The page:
Q: You started your career in nursing and have experience in home-based care. What lessons have you taken with you starting on the provider side and how does that influence where you want to take BCBS in terms of delivering care directly in the home and hospice settings?

DE: It's something that I'm so grateful for now — those experiences both as a registered nurse and respiratory therapist and in public health nursing, which was an eye-opening area. It taught me a few things. One is that we do ultimately have a pretty fragmented system that often misses those 80 percent of things that we experience as a person that impacts our health. That hugely impacts the way I've looked at our role within the larger healthcare ecosystem, and how we help continue to drive care that's more personalized, which predominantly happens in the home.

One of the big trends I see after COVID-19 is the expectation of healthcare consumers to no longer be treated episodically. You're not a heart patient, or a cancer patient — you're a holistic patient that needs and wants care that sees you from all aspects of your life, and much of it happens in the home. As a clinician I would go into people's homes and see the empty refrigerators, I would see equipment that had been purchased that was literally sitting inside bathtubs and never being used, and I would see the rural places where people could never drive and get to a provider. We have to continue to look for solutions and continue partnering. I'm a big believer that there's not any one part of the healthcare system that can solve the issues we're facing, we must do it collectively. We have to help providers with different tools to identify those needs in the home and community to lead to a better outcome. 

I try to remember some of those patients I worked with in the community on a day-to-day basis because it helps ground us in our mission at Blue Cross, and what we need to do to continue to build our capabilities and work collectively within the healthcare space to meet people where they are.

Q: The industry is rapidly growing its offerings of Medicare Advantage plans. How do these plans fit into your organization's growth strategy?

DE: Medicare has been an area of growth for us and we have a very strong presence in Medicare generally, and specifically in Medicare Advantage. It is a part of our overall growth strategy and it continues to be an area of focus for us. A huge part of the solution and strategy has to be looking at partnerships in the community and in the home. We're really seeking to identify and help members who are on a trajectory of chronic illness and even into palliative care and hospice.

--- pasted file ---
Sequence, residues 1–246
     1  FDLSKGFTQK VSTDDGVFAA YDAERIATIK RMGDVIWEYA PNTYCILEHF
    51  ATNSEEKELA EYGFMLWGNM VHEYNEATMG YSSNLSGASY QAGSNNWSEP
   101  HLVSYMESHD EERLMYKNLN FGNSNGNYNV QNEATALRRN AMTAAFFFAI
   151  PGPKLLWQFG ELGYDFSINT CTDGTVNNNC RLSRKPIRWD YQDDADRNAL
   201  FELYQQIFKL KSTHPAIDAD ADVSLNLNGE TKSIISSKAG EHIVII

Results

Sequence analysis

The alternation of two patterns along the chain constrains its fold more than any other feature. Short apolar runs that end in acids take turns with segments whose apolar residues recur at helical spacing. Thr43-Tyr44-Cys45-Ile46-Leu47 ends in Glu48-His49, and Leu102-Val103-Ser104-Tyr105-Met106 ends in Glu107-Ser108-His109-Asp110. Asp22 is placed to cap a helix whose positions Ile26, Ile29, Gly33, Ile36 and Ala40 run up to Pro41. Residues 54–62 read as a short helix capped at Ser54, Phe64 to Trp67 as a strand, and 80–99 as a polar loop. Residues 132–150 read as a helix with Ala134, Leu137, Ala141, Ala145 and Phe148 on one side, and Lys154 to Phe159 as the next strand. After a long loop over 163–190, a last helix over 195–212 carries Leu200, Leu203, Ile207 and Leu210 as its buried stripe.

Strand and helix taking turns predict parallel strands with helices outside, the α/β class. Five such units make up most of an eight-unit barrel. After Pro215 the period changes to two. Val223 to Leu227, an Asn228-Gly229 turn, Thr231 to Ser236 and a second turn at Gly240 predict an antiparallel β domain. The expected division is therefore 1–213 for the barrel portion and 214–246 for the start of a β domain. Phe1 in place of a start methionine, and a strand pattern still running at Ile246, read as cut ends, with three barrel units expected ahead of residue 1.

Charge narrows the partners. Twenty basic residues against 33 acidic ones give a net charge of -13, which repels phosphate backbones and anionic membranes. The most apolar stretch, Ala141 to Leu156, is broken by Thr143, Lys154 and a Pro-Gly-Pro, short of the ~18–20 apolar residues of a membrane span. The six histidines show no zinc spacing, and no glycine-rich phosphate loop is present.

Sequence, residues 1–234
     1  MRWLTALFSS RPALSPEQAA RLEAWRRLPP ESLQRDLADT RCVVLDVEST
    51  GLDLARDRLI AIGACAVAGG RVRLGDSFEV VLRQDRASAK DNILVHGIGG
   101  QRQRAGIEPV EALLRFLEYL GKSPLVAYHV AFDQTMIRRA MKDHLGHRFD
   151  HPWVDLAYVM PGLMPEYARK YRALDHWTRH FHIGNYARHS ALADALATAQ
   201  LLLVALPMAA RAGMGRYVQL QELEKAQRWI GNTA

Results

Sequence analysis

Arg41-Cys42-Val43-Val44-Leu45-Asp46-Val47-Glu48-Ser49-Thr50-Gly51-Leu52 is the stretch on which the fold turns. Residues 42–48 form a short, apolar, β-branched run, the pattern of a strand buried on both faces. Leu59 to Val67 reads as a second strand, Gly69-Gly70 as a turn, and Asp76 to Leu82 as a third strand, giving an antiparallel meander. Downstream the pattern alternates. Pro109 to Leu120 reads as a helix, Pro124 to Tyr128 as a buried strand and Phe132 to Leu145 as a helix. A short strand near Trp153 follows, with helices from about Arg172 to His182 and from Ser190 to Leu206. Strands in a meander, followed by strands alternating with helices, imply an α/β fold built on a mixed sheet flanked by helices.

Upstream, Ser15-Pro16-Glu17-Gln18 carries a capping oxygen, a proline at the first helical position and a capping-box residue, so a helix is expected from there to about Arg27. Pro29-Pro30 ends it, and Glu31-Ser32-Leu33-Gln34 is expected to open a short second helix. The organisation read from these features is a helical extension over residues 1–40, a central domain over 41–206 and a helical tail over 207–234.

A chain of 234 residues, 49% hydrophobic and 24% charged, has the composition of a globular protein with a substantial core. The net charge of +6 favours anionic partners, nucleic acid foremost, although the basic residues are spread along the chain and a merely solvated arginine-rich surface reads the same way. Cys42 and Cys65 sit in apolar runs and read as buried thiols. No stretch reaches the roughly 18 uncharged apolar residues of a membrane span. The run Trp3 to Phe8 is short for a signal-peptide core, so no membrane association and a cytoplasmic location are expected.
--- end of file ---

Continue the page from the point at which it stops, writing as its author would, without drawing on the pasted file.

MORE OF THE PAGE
Q: Every week we see reports of a health system and a major payer severing in-network ties, leaving patients unfairly caught in the middle. Each case is different, but are there better strategies insurers can take to avoid these contract fallouts?

DE: Value-based contracting is one of the best ways to really be thinking longer term. We have the privilege of being a part of a longer-term value-based contract with Allina Health, one of our local, large systems. We were really committed to making that a multiyear strategy, and part of it was to weather what can arise. Right now, that's inflation and the cost of labor. It allows us to look at a longer-term partnership with our providers that seeks to reimburse them for outcomes and allows them to invest in some of the capabilities we talked about. It also gets us out of coming back every one to two years and potentially having this more contentious relationship. That is certainly not our desire because it leads to instability in the market, and most importantly, instability with patients and their outcomes. Our desire is to pay a fair price for healthcare, but we still believe that we need to continue to push toward different and innovative payment models that really seek to eliminate some of the instability that these year-over-year negotiations can drive.

Q: Several BCBS companies have created travel benefits for their members or employees to access reproductive care following the overturning of Roe v. Wade. Is your company considering the same?

DE: First and foremost, access to abortion services and reproductive rights is actually a part of the Minnesota Constitution. We had questions from employers as you can imagine, but our commitment is to follow this state and the constitutional right of women to access those services.

We did include a travel benefit for our employees because we do have employees that live outside of Minnesota and dependents as well. Self-insured employers have the option to do that if they so desire, and we're working with them.

I think that this is one area that's going to be interesting to watch because we think about care as local, but none of us really are fully that anymore. We've become a much more transitory world in many ways. I think that it'll be critical for us from a Blue Cross perspective to work across our association across all of our health plans to make sure that we're following the law, certainly, and that we're also listening to our consumers and making sure people have access to the care that they are entitled to.

Q: Final thoughts?

DE: The system that we have today and the healthcare system that's been created has set up a structure that is unsustainable, and I think we're sort of there. We have to come together across the healthcare ecosystem to align financial and health incentives that can address the cost of care and move care more upstream, which it is really just not designed to do. I'm optimistic about doing that. It's urgent for our industry.